“It was hot in that old crow’s nest, but those were great times,” Deckerhoff said. “In 1980, I saw a guy by the name of Les Henson throw up a shot after a missed free-throw for Virginia Tech from 93 feet away and make a basket. A couple of weeks later, the Memphis State head coach got upset with the officiating and walked off the floor. The official told him that if he didn’t come back, he would be forfeiting the game, and he said, ‘Do what you have to do.’
“I’ll never forget the late Bill McGrotha from the Tallahassee Democrat who wrote that they should never tear down Tully Gym. They should take it apart piece by piece and send it to the Smithsonian Museum in Washington, D.C.”
During his tenure with the Seminoles, Deckerhoff witnessed, and announced, some of the most iconic moments in Florida State history. He was there in ’78 for the first year of Renegade and Osceola. In ’79, he announced Bobby Bowden’s first 11–0 regular season with binoculars in one hand and the mic in the other. He brought Burt Reynolds, a former FSU footballer himself, into the box for many half-time announcements. Reynolds’ star power proved to be quite a spectacle for FSU fans who, according to Deckerhoff, lost all interest in the halftime show when Burt was in the box.
Over the years, a friendship grew between Reynolds and Deckerhoff, so Deckerhoff went out on a limb.
“I sent him a note saying, ‘I had an idea that you could help coach Bowden’s television show,’” Deckerhoff said. “Burt sent me a letter back, I wish I knew what happened to it, but it was on Bandit stationery, and he said, ‘Whatever Coach Bowden needs, you just let me know, and I’ll do it.’ ”
For the next 26 years, Reynolds made annual appearances on Bowden’s show. Bowden and Deckerhoff would meet him in Atlanta, Jupiter, Hollywood or wherever his next movie was filming.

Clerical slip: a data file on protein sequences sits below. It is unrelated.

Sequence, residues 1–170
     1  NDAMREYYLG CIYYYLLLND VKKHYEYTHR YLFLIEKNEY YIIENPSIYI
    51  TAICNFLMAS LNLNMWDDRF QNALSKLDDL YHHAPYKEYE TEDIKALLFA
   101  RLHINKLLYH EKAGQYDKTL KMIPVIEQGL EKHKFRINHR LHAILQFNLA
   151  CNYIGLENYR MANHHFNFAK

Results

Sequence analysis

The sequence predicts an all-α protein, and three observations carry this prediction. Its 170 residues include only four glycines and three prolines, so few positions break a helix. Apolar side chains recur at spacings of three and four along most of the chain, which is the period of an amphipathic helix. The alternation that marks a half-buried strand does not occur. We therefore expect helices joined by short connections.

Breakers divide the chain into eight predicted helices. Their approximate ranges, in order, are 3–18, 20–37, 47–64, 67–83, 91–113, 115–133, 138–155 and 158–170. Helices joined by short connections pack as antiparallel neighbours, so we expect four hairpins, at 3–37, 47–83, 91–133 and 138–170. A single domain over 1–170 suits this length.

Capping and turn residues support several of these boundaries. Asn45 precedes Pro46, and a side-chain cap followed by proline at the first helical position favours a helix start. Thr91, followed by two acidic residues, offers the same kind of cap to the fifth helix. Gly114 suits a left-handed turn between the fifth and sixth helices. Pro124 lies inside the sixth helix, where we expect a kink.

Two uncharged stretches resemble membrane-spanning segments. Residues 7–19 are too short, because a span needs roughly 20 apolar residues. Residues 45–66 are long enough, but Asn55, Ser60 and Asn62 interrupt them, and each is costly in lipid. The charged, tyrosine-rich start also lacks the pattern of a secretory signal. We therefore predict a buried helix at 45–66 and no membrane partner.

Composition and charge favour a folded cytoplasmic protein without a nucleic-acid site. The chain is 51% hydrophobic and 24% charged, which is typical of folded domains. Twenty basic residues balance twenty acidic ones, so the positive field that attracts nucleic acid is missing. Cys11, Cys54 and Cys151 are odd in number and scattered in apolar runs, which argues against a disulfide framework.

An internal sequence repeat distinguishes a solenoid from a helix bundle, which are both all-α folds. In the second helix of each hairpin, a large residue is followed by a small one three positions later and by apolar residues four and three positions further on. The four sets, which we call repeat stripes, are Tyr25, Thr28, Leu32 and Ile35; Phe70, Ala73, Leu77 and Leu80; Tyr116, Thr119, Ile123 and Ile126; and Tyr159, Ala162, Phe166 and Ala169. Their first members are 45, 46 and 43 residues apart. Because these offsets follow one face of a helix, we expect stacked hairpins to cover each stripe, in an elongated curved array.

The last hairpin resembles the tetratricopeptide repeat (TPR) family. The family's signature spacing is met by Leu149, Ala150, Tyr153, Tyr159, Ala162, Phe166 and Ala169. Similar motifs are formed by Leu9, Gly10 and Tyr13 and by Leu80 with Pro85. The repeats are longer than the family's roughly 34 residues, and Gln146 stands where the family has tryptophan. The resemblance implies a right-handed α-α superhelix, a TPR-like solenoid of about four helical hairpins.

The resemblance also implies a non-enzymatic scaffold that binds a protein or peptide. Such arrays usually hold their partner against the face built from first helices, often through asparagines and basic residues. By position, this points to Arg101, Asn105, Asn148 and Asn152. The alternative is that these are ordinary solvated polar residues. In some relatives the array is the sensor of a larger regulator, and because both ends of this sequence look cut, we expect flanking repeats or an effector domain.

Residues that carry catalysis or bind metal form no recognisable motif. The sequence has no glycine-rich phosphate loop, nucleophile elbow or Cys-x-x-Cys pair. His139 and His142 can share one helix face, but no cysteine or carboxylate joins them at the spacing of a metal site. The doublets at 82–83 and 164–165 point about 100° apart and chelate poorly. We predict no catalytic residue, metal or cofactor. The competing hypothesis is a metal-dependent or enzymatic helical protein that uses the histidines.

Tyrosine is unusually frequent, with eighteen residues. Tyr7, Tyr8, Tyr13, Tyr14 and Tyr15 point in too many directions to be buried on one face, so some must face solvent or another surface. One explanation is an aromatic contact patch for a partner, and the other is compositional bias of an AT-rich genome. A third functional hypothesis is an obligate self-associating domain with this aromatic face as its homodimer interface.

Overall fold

To this day, Deckerhoff maintains that his longtime friend and head coach of the Florida State Seminoles football team, the late Bobby Bowden, was one of the finest people he has ever known. In many ironic and, at times, confounding ways, Deckerhoff and Bowden’s careers seemed to mirror each other. When Deckerhoff and his wife Ann moved into their first Tallahassee home, a next-door neighbor mentioned that the house’s original owner, Robert Bowden, was coaching football up in West Virginia. The two worked in tandem to produce Coach Bowden’s television show, and when the Buccaneers reached out to Deckerhoff about announcing their games, Bowden agreed to shoot the show in the middle of the night, giving Deckerhoff time to hop on a plane to wherever the Buccaneers would play next.
“He was the most incredible human being I have ever been around,” Deckerhoff said. “I look around, and almost everything I have here in my office has something to do with Coach Bowden. I have every one of his books, I have the movie they did and I got to live that experience, you know? It’s the highlight of my career.”
Needless to say, Deckerhoff hasn’t had a fall weekend off in nearly 50 years. He and Ann spend their weekends jet-setting around the country and beyond balancing their time between the ACC and the pros. Between the flights, drives, games, television shows and countless hours of preparation, Deckerhoff has given the best years of his life to the fans. Now, it’s time for a few vacations.
“People kept asking when I was going to retire,” Gene said.
Not long ago, Gene ran into Morris McComb at an FSU basketball reunion. McComb was the assistant coach to Hugh Durham
when Deckerhoff first started broadcasting basketball for FSU and could not believe he was still taking the airwaves.
“I always just say, ‘You know, God is going to tell me when it is time to hang it up,’” Deckerhoff said. “It’s not like I’m shuffling my feet right now, but I’m not running sprints anymore either. It was a tough call, but it was time.”
With his schedule opening up post-retirement, Deckerhoff says he hopes to make some longtime dreams come true with his wife — like watching the leaves change in the mountains — and it’s about time, he says, they make that trip.